Why Wreck Pond?
New Jersey Has Excellent Beaches
Relative Status of News Jersey Beach Water Quality
According to the latest data from the National Resource Defense Council’s (NRDC), Testing the Waters: A Guide to Water Quality at Vacation Beaches, assessment report of the nation’s beaches, New Jersey’s beach water quality at 700 public recreational bathing beaches is among the best in the country. In 2010, the most recent year for which data is available, New Jersey ranked 2nd in the nation for beach water quality, behind New Hampshire’s 16 public beaches (Figure 2 below). States are ranked by total number of exceedances of the standard as reported to EPA. The state that ranked first in the nation had the lowest number of exceedances; the state that ranked 30th, had the highest number of exceedances. This high water quality is also reflected in the number of days the beaches were open to the public in NJ. With 700 lifeguarded marine beaches in NJ and 15 weeks to the bathing season, NJ has a total of 73,500 beach-days available each summer. In 2011, there were a total of 132 beach closings or advisories, representing 0.18% of the available beach days (the beach was open for bathing 99.8 percent of the time). According to EPA, NJ has among the highest percentage of beaches open on the East Coast in 2010, the most recent year data is available (Figure 1 above).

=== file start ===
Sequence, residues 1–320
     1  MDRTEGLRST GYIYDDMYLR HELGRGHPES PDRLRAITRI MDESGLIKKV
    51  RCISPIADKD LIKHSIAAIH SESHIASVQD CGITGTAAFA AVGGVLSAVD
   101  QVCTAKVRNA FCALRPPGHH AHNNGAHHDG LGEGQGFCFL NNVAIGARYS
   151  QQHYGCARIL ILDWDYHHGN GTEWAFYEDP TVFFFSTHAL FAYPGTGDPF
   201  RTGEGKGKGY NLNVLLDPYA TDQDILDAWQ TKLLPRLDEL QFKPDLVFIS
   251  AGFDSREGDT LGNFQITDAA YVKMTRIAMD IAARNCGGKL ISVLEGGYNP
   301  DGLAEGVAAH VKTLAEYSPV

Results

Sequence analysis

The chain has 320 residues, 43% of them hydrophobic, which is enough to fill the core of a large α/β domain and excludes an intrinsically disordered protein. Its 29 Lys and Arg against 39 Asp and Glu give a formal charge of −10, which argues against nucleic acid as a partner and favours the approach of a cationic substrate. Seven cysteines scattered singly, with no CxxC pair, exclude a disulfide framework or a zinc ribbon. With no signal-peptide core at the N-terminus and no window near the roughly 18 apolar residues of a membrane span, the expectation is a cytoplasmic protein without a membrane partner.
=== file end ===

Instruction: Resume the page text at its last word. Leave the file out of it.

However, some beach quality issues still remain…
The ocean beaches of Spring Lake have been particularly affected by the stormwater impact from the Wreck Pond discharge. In 2002, a precautionary beach closing plan was implemented in Spring Lake. It requires that the two beaches north of the Wreck Pond outfall, Brown Avenue and York Avenue, close for a specified time period following a rain event. The bathing areas of these two beaches are automatically closed for 24 hours after the end of all rainfalls greater than 0.1 inch or that cause an increased flow in storm drains; and for 48 hours from the end of all rainfalls greater than 2.8 inches within a 24 hour period. In addition, lifeguards (or staff as designated by Spring Lake) will prohibit swimming near any parts of these beaches where the stormwater plume is observed to be mixing within the swimming area. In 2005, the Terrace beach and in 2007, Beacon Boulevard beach, both beaches in Sea Girt just south of the Wreck Pond outfall, were added to the precautionary beach closing plan. The only automatic precautionary ocean beach closings in NJ are the Wreck Pond beaches.
Majority of NJ’s ocean beach closure are a result of Wreck Pond’s discharge.
Water Quality Results Highlight Slow Mixing
The slide show below demonstrates how the Wreck Pond discharge mixes slowly with the Atlantic Ocean, causing a prolonged impact on water quality (~36-72 hours depending on the amount of rainfall) at the Spring Lake and Sea Girt beaches after a rainfall event. In most cases, stormwater runoff mixes with the ocean rapidly, shortening the duration of water quality impacts to a few hours after a rainfall.